Saucony Guide 7 

One of our testers summed up the feelings of everyone else who wore this shoe by saying: ‘It has a Goldilocks fit: not too tight and not too loose. Just right.’ Whether it’s used for short, sharp sessions or long, slow ones, this lightweight shoe with a medial post for mild to moderate overpronators copes admirably with everything you could throw at
 it, and it’s unlucky not to have made the final shake-up for an award. Sensible updates include a wider forefoot for more stability upon toe-off, and a higher toe-spring (the gap between the upward curvature at the toe and the floor) for greater speed pushing off the ground.

Bottom line: A supportive shoe suitable for everything from 5K upwards.

Heel cushioning: Quite soft                                                                       

Forefoot cushioning: Very soft

Flexibility: Medium

Weight:  251g (men's), 211g (women's) 

Saucony Triumph 11 

This is Saucony’s flagship cushioning shoe. As hinted at by the fact that this is the Triumph’s 11th incarnation, this is a popular model, and so Saucony hasn’t changed much to its essential DNA. Tweaks such as a more flared toebox next to the big toe, a more breathable mesh and a subtly snugger wrap over the midfoot are all good moves, and a higher toe-spring makes for a quicker and easier transition. And for those who do most of their running in low-light conditions, there are added reflective flashes on the back of the heel for higher visibility.


Bottom line: A fast, cushioned jack of all trades. 

Heel cushioning: Quite soft                                                                       

Forefoot cushioning: Very soft

Flexibility: Low soft

Weight: 316g (men's), 261g (women's) 

Brooks PureCadence 3

Normally we do our best to remove as much marketing speak from the magazine as possible but in this case we’ll happily reproduce Brooks’ description of the Cadence as a ‘lightweight, stable turn-hugger’ – as that’s exactly what it is. The fit is snug but the upper stretches with the foot so it’s not too constrictive, and the grip even in the wet is surprisingly good despite the smoothish outsole appearance. But the update Brooks will be most pleased with is the more rounded cut-in heel to encourage runners up on to their midfoot quicker – our testers really noticed the difference from the last version with this.

Bottom line: Solid arch support that benefits even low-arched runners. 

Heel cushioning: Very soft                                                                         

Forefoot cushioning: Very soft

Flexibility: Medium 

Weight:  246g (men's), 200g (women's) 

Brooks PureConnect 3

Wear tester Louise Hutchinson, it’s over to you: ‘It fits like a glove, you get great ground contact but it’s also cushioned. Responsive but with a feeling of protection combining the best elements of a minimalist shoe.’ This was a fairly typical response to a shoe that has impressed since 
it first appeared. To this end Brooks has merely tweaked the design – shifting the toe-flex (the front of the shoe has a hoof-like cleft) so that the first two toes can act together as a unit for a more stable toe-off. The outsole grooves have been deepened for better flexibility through the midfoot as well, which definitely contributed to a speedier transition.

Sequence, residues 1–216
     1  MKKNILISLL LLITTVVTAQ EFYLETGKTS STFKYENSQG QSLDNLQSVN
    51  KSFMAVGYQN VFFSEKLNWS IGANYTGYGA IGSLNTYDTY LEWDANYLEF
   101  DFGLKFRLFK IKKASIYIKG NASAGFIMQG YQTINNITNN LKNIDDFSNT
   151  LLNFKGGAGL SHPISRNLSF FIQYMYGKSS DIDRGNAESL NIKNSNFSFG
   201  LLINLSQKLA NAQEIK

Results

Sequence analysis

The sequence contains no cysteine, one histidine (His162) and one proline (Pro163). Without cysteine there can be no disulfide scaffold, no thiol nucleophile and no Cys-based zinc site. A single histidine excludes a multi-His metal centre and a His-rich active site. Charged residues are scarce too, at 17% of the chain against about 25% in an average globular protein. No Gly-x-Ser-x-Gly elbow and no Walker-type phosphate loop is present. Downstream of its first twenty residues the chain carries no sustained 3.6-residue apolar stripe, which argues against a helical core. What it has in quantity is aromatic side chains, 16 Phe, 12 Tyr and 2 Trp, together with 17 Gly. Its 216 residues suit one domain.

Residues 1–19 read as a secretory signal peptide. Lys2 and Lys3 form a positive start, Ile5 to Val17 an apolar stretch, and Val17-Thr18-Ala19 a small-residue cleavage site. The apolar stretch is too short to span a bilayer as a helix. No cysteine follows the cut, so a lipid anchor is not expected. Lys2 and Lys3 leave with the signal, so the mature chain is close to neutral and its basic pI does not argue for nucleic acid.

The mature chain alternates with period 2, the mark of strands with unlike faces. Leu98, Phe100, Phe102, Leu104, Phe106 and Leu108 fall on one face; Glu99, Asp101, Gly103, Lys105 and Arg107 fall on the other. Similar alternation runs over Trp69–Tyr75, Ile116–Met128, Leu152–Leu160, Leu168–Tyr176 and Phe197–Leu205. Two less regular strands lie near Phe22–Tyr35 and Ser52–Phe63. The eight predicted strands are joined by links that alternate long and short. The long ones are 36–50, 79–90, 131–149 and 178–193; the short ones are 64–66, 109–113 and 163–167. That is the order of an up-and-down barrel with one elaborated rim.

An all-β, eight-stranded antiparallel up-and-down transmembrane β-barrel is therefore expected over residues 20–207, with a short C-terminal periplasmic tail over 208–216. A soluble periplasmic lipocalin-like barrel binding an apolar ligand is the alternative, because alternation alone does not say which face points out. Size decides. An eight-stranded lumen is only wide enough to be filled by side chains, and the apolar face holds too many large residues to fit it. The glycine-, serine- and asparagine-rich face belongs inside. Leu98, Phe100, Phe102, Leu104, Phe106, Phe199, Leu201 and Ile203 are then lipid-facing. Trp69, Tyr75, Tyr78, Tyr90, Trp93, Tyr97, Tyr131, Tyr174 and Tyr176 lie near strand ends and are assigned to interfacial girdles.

Bottom line: A tough, low-slung speedster for all but the widest feet. 

Heel cushioning: Quite soft                                                                       

Forefoot cushioning: Medium soft

Flexibility: Medium 

Weight:  239g (men's), 191g (women's) 

Brooks Adrenaline GTS 14

On the face of it, laces don’t appear to be among the more crucial elements of a shoe – but get them wrong and you’ll have some angry runners on your hands. In this case our testers couldn’t stop raving about the perfect length of the new GTS laces and the perfect fit they gave over the top of the shoe and around the arch. And while this has never been the plushest shoe, the caterpillar crash pad in the heel
 has been extended to give a softer landing – something that was appreciated by heel-striking runners.


Bottom line: A reliable high-mileage performer, which heavier runners in particular will like.

Heel cushioning: Medium low softness                                                      

Forefoot cushioning: Medium low

Flexibility: Medium 

Weight:  317g (men's), 266g (women's) 

New Balance 1080v4 

You make the shoe lighter and the forefoot more cushioned, and 
bingo: almost all of the testers notice. A job well done by New Balance, although this was still the heaviest shoe on test by 16g. However, v4 is a lot more responsive than its predecessor, while the fit is better thanks to the introduction of a very thin skeleton through the upper, which moulds it round the foot and provides just a little stability without the need for
 a medial post. It’s worth noting these will need to be broken in – we had several reports of the shoes feeling tight until a few runs in.


Bottom line: Perfect for neutral runners who land heavily and so
 want a little bit of extra heft.